Rowan Whitethorn személy
"At least if you’re going to hell,” he said, the vibrations in his chest rumbling against her, “then we’ll be there together.”
“I feel bad for the dark god already.” He brushed a large hand down her hair, and she almost purred. She hadn’t realized just how much she missed being touched—by anyone, friend or lover.
“I don’t know what the hell you’ve been doing for ten years, other than flouncing around and calling yourself an assassin. But I think you’re used to getting your way. I think you have no control over yourself. No control, and no discipline—not the kind that counts, deep down. You are a child, and a spoiled one at that. And,” he said, those green eyes holding nothing but distaste, “you are a coward.”
“She has no hope, Prince. She has no hope left in her heart. Help her. If not for her sake, then at least for what she represents—what she could offer all of us, you included.”
“And what is that?” he dared ask.
Emrys met his gaze unflinchingly as he whispered, “A better world.”
Perhaps they would never get out of it, perhaps they would never be whole again, but . . . “Together,” she said, and took his outstretched hand. And somewhere far and deep inside her, an ember began to glow.
“There is this . . . rage,” she said hoarsely. “This despair and hatred and rage that lives and breathes inside me. There is no sanity to it, no gentleness. It is a monster dwelling under my skin. For the past ten years, I have worked every day, every hour, to keep that monster locked up. And the moment I talk about those two days, and what happened before and after, that monster is going to break loose, and there will be no accounting for what I do.
“That is how I was able to stand before the King of Adarlan, how I was able to befriend his son and his captain, how I was able to live in that palace. Because I did not give that rage, those memories, one inch. And right now I am looking for the tools that might destroy my enemy, and I cannot let out the monster, because it will make me use those tools against the king, not put them back as I should—and I might very well destroy the world for spite. So that is why I must be Celaena, not Aelin—because being Aelin means facing those things, and unleashing that monster. Do you understand?”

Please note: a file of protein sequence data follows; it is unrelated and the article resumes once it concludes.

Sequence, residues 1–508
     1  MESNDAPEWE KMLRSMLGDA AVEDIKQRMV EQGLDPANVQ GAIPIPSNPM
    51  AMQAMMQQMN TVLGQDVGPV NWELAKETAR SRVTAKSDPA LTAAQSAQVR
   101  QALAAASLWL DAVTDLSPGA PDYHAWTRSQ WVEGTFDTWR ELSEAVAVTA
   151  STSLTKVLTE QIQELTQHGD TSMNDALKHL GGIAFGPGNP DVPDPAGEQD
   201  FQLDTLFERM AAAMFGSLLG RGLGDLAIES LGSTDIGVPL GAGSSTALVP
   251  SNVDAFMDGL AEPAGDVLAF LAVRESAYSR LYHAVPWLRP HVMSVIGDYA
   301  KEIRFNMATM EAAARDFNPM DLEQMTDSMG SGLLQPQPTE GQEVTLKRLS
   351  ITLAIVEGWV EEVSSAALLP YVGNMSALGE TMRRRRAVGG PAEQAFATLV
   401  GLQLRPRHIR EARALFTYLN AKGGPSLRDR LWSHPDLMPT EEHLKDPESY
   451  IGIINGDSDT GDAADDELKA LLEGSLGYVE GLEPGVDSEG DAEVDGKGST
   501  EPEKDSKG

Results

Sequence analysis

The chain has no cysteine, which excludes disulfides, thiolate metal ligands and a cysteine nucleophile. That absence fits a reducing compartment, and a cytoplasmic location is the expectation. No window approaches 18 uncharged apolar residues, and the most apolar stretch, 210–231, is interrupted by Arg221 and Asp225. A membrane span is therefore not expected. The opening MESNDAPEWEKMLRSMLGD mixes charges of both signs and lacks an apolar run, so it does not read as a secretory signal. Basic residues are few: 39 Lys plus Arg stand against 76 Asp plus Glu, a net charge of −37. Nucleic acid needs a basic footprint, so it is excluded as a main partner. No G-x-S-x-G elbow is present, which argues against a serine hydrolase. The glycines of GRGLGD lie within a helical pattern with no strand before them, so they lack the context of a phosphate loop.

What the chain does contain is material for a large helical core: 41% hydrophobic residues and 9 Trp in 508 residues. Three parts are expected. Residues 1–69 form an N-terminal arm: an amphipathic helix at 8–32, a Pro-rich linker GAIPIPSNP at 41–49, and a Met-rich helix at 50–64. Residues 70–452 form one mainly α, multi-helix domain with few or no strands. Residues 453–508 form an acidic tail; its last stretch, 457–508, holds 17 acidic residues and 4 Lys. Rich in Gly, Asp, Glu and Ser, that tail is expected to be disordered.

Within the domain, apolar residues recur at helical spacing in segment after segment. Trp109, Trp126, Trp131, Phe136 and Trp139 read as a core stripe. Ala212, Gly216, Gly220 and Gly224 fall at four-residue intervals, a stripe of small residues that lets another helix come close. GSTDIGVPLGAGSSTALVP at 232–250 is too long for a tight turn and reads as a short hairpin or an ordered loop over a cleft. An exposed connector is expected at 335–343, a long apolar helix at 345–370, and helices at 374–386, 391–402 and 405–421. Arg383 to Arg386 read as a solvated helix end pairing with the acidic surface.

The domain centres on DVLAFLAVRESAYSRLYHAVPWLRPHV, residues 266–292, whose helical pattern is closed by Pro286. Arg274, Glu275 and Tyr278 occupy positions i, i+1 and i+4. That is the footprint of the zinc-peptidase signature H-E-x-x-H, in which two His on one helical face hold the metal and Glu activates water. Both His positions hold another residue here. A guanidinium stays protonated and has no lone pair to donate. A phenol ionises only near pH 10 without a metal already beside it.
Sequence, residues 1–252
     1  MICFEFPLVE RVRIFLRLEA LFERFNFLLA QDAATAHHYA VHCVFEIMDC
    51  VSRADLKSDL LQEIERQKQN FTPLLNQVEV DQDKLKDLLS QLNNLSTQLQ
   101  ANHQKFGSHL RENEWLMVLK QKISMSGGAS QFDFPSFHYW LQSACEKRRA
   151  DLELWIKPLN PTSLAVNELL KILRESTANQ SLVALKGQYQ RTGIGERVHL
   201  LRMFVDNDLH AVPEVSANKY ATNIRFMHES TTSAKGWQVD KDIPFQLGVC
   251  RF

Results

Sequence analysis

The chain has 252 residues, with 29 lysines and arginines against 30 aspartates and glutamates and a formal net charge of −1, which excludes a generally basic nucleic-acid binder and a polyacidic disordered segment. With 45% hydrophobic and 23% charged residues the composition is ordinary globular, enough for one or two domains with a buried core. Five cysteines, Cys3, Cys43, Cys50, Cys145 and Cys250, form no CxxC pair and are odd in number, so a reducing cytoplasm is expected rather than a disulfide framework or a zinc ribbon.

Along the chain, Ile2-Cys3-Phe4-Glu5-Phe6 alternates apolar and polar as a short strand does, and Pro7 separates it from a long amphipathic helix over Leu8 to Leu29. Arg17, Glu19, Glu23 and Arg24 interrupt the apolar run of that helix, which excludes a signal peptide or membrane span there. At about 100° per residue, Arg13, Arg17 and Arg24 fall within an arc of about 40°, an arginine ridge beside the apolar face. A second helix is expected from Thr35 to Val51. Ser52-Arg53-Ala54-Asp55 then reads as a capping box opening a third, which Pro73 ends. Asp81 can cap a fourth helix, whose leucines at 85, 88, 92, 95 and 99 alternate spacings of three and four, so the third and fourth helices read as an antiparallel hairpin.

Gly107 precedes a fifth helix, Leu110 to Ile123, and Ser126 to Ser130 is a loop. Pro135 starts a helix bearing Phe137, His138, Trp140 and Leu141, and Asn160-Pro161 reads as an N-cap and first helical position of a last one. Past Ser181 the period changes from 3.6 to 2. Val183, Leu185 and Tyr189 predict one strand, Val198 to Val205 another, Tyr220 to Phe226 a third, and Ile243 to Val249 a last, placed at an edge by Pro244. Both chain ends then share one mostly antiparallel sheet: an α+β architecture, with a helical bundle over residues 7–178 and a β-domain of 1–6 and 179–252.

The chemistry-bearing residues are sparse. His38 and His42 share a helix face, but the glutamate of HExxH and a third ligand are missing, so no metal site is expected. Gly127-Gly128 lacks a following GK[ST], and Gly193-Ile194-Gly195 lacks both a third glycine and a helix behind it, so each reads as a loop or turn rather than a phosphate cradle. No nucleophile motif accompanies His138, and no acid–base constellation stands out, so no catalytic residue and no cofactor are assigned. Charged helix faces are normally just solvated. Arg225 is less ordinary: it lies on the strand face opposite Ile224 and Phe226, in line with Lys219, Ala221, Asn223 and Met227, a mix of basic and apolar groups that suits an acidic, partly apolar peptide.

“For whatever it’s worth, I don’t think you would destroy the world from spite.” His voice turned hard. “But I also think you like to suffer. You collect scars because you want proof that you are paying for whatever sins you’ve committed. And I know this because I’ve been doing the same damn thing for two hundred years. Tell me, do you think you will go to some blessed Afterworld, or do you expect a burning hell? You’re hoping for hell—because how could you face them in the Afterworld? Better to suffer, to be damned for eternity and—”
The keys can corrupt an already black heart—or amplify a pure one. I’ve never heard anything about hearts that are somewhere in between.”
“The fact that you worry says enough about your intentions.”
She stepped all around the area to ensure that no creaking boards gave away the hiding place. Thunder rumbled above the city. “I’m going to pretend that’s not an omen,” she muttered.
“Good luck with that.” He nudged her with an elbow as they reentered the bedroom. “We’ll keep an eye on things—and if you appear to be heading toward Dark Lorddom, I promise to bring you back to the light.”